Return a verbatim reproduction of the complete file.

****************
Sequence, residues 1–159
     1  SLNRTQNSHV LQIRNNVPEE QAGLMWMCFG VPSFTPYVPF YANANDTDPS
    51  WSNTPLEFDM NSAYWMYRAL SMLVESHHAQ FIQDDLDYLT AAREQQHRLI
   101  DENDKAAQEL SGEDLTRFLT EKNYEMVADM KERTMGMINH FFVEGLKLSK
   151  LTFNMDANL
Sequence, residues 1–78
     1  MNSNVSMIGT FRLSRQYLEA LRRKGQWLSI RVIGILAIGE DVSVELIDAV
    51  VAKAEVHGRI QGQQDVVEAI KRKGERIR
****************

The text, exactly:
Sequence, residues 1–159
     1  SLNRTQNSHV LQIRNNVPEE QAGLMWMCFG VPSFTPYVPF YANANDTDPS
    51  WSNTPLEFDM NSAYWMYRAL SMLVESHHAQ FIQDDLDYLT AAREQQHRLI
   101  DENDKAAQEL SGEDLTRFLT EKNYEMVADM KERTMGMINH FFVEGLKLSK
   151  LTFNMDANL
Sequence, residues 1–78
     1  MNSNVSMIGT FRLSRQYLEA LRRKGQWLSI RVIGILAIGE DVSVELIDAV
    51  VAKAEVHGRI QGQQDVVEAI KRKGERIR